The Old Ones



“I like the old songs. Why don’t you people at the church play any of the old songs?” is a refrain that I have frequently heard from my mother. She is talking about songs that she heard growing up in a Pentecostal church in the forties. Just so that everyone knows what I am talking about, I am referring to songs like Amazing Grace, Victory in Jesus, and I’ll Fly Away. (These songs date from the mid-1800s.) Sometimes they are referred to as gospel hymns or campfire songs. These songs, and those like them, were the staple of protestant worship during the period in which my mother grew up. It is of course natural for her to long for the songs of her childhood.

Gospel hymns however are far from being the earliest examples of Christian music and can hardly be described as “the old songs.” Christian music predates these songs by some 1800 years. One of the earliest references to the use of music in Christian worship was by Pliny the Younger, a Roman magistrate, who described early Christians as singing songs to Christ “as to a god.” This proves that the early Church was already utilizing music to some degree in worship by the end of the 1st century AD.

By the beginning of the 7th century Pope Gregory the Great had made Gregorian Chant the official music of the Western or Roman rite of the Catholic Church. Some features of this music are free rhythm, melody sung in unison (monophonic texture), and it is common to stretch a single syllable over several notes (melismatic), especially words like amen or alleluia. If any music were to be referred to as “the old songs” of the church, it would be this. This type of chant went through several developmental phases until it gave way to more complicated forms, but it has remained the official music of the Roman Catholic Church’s extraordinary form of the Mass. The newer form (ordinary form) of the mass, which has been in practice since the 1960s, utilizes hymns written in the modern era and borrows from protestant hymnody. Some Catholic parishes attempt to preserve the Gregorian chant by incorporating it into the mass during Advent and Lent.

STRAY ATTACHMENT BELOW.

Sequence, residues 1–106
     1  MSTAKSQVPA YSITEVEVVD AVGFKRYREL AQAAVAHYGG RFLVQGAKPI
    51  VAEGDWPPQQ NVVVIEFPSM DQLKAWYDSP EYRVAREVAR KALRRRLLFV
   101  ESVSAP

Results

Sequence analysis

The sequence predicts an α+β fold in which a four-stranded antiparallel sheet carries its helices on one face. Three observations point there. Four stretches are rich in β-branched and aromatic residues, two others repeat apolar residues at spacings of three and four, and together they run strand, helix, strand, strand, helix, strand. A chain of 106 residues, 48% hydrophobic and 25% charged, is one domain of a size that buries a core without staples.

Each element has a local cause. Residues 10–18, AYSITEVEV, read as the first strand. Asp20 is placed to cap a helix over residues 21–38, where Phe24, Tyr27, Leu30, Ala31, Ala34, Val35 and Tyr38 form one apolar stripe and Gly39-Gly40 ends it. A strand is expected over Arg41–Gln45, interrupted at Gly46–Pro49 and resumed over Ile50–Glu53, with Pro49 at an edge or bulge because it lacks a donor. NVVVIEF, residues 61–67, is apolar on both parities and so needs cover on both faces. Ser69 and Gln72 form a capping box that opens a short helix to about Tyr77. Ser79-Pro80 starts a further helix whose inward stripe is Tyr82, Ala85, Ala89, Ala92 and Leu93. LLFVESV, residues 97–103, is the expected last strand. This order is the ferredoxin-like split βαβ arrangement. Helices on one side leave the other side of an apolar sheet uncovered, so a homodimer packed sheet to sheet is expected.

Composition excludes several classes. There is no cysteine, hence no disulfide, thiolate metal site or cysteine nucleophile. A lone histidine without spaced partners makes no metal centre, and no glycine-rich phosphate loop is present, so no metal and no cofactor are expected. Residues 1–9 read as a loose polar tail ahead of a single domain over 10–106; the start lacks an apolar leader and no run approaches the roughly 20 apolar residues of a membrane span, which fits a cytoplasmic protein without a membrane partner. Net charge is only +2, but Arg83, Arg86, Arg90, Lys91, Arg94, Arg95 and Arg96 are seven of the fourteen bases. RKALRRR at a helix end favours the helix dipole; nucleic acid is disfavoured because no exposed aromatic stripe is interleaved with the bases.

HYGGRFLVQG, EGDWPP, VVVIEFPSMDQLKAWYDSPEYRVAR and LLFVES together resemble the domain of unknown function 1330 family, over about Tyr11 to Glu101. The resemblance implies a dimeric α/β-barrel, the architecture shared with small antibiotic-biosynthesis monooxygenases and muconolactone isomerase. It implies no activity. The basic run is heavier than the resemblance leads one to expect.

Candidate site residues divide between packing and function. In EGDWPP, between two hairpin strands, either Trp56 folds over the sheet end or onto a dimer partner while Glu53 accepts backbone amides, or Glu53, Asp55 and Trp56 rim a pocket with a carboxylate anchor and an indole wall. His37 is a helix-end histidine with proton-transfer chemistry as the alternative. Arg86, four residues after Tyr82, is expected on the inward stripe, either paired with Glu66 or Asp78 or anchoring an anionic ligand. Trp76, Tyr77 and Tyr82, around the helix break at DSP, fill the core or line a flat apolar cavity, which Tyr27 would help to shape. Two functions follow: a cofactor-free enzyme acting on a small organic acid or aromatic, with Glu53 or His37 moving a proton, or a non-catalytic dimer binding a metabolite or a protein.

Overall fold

In the protestant world there was an explosion of hymn and chorale writing in Germany and England in the 17th and 18th century and in America in the 19th century. This saw the introduction of my mother’s favorite church music. The 20th century saw the introduction of popular music forms into church services. Indeed in some mega churches in America today the worship service is more like a high-tech pop music concert complete with flashing lights and electric guitars!

The history of Christian music is a huge field of study. We would make a mistake to underestimate its vast scope. Along these lines, we Americans live in a relatively young country, but we can err in overestimating its contribution to history and in particular the history of Christian Music. This is what my mother did when she assumed that American hymnody was the oldest liturgical music. There was a whole world that existed before our country was founded and who we have become as Americans has been shaped by the world that we inherited from our ancestors many centuries ago. Those who prefer to hear American hymnody that was popular in churches in the United States earlier during the twentieth century should instead say, “I would like to hear the songs they played when I was young.” This is clearer and more honest. It also shows that one has an appreciation of the scope of historical music and one’s own context in the timeline of the Christian tradition.

Comments are closed.

Post Navigation